Anonymous said...

NO field trips before testing...the kids might like it, and one teacher may love it...but too many other teachers' VAM is at risk to take their time away...except for the pep rally, candy sale kick off, motivational speaker, choir concert, band concert, the high school mobile theatrical group, the high school homecoming parade, testing pep rally, and another one or two I can't think of. Oops...we forgot Explore testing and NAEP testing! And in the middle of ALL this...don't forget to teach the basic skills they will be tested on using a curriculum that doesn't exist. Good luck...if your kids don't do well...you will be placed on a fast track to being fired! And ANY teacher left with an ounce of sanity would give a hearty response of, "Thank God!"

Michael Deshotels said...

I believe all of the ridiculous, nit picking, "to do" lists detailed by our anonymous readers above result from the fact that all accountability has been removed from parents and students and attempted to be transferred to the teacher. This stupid new design of accountability is not only cruel to teachers but is impractical and will never work. This has happened because our education system is now being run by individuals who have no real knowledge of education, yet they have been empowered by our Governor and legislature to create this insane system. Every time John White says that his policies are designed to "empower" teachers I just want to throw up!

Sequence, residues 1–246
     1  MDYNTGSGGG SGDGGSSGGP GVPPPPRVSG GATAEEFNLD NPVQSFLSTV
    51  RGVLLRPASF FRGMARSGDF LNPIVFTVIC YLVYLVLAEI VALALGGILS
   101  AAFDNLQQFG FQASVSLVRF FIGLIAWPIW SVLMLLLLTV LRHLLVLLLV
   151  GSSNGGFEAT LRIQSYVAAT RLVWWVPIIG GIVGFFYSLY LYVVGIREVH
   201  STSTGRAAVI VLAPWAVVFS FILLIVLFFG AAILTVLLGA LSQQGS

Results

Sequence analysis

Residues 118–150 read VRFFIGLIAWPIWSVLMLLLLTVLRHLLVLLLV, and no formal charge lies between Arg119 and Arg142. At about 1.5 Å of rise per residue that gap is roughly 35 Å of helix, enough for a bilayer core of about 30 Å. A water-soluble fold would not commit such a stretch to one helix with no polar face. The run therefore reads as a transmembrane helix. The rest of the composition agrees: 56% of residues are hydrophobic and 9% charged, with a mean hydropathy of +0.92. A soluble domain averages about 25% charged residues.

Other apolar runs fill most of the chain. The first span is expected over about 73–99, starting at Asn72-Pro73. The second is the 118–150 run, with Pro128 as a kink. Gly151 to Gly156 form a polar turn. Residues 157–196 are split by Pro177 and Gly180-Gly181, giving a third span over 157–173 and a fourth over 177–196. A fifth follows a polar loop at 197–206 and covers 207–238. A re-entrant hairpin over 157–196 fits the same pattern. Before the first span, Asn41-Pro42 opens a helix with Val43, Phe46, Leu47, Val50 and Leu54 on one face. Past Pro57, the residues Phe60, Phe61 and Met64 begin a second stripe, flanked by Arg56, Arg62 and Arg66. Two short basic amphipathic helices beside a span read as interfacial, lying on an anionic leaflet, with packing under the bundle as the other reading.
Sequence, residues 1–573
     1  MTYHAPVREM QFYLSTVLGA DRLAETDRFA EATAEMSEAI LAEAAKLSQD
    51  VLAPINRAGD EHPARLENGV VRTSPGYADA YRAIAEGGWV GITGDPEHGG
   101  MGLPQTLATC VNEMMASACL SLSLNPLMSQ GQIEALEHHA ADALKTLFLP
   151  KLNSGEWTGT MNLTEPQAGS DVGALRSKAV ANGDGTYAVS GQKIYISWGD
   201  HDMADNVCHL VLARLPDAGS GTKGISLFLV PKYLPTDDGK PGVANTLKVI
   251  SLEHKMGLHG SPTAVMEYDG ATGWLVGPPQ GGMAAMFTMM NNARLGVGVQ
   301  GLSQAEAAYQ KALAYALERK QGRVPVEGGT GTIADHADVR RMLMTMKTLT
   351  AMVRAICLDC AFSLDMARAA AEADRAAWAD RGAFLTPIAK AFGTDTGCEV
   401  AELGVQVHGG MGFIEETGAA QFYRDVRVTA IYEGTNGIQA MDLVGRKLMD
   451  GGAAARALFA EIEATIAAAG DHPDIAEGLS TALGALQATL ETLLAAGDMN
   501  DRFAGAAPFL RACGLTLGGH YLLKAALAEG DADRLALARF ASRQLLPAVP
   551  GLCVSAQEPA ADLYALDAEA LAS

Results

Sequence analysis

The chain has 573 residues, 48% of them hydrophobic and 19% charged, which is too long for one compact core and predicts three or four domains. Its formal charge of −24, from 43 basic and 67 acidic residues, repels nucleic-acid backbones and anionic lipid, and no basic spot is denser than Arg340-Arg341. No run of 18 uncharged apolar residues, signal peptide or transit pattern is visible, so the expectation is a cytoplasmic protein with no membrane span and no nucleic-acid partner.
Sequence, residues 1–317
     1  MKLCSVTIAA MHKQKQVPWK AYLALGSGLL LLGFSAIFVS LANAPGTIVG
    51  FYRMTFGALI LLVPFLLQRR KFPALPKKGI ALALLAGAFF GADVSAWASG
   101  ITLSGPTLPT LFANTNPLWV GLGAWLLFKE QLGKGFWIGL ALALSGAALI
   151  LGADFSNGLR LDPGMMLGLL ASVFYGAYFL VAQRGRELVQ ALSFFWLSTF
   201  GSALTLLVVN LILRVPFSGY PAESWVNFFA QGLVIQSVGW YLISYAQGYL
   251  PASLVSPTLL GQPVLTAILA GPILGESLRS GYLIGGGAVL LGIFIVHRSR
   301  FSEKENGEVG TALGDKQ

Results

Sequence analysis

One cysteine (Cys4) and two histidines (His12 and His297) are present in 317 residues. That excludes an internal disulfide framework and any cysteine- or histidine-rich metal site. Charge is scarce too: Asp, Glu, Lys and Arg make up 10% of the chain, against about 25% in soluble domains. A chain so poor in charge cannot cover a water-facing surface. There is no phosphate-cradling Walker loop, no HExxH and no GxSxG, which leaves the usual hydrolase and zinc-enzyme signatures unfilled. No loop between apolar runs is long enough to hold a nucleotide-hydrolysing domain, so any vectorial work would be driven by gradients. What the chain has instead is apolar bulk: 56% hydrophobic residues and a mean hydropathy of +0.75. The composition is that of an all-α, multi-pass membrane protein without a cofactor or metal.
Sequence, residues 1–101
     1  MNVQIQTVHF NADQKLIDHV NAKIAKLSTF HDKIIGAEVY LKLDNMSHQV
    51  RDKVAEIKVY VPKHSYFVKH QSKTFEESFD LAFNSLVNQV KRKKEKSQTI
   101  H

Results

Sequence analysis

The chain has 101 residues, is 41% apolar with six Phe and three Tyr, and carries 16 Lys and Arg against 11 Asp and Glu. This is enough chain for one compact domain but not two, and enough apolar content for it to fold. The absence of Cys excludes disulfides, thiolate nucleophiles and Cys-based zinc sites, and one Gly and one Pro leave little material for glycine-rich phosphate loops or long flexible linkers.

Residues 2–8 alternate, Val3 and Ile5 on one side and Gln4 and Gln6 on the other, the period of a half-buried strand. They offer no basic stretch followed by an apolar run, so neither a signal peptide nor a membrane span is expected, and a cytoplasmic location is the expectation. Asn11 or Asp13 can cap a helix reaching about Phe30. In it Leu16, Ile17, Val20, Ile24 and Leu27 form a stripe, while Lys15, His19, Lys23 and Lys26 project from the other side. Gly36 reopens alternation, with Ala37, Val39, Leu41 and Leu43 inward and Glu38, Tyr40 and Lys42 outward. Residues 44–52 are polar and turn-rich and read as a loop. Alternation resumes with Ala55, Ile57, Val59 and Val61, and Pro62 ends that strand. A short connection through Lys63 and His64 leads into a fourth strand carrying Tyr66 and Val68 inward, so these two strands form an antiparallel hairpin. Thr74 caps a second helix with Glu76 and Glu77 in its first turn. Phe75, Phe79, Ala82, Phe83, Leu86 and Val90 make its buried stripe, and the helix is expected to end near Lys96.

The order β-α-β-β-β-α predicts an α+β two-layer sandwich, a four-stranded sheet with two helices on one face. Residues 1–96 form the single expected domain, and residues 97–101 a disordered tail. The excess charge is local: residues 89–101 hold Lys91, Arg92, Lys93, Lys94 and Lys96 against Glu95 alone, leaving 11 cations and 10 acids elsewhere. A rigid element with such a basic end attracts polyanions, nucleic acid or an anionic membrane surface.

Jeremy said...

LOL, I swear you all must be from Avoyelles parish and sitting in faculty meetings with me because I've heard the exact same words being used. If not, then it's kinda scary how similar things are around the state.

I've already talked to Mr. Mike about student accountability when it comes to EOC tests. Trying to find out why fair counts as passing for students, but does not count one bit for the teacher's proficiency score. Getting the runaround....as is expected.

Anonymous said...

Love this! Sort of like a reality check for me! If we are all having these things happening then we aren't the INEFFECTIVE ones. I feel so much better to know I am not alone!
I'll add this. We have a Heroes theme this year. So we spend time talking with the kids about what it takes to be a hero and we have speakers come in or show videos of heroes. Yesterday the kids were asked to define what a hero means to them and we had a guest speaker come and talk. I didn't get to hear what he said because I was trying to "glare" holes into a boy in the upper part of the bleachers who was busy touching the heads of the three girls in front of him with a pencil. Over and over and over and over....
Anyway after the speaker the kids all got busy writing the names and whys of two or three people they think of as heroes. The speaker made the rounds of the front row, shaking hands and offering words of motivation. One boy near myself and several other teachers asked the speaker for ideas. The speaker, trying to be supportive said, "well...what about one of your teachers? Seems like they are heros." Kid next to him says, "Nah. They don't really do anything. I know! Iron Man is cool and he does cool stuff"

Ahhhhhhh middle schoolers! :*

Anonymous said...

I have experienced all of the above, in various positions, in several school systems. Although, I don't find fault in the standards themselves. They are quite accurate in defining a positive, collaborative, contributing, member of a civil society. The beast in this beauty of a tale is the ASSESSMENTS.[period]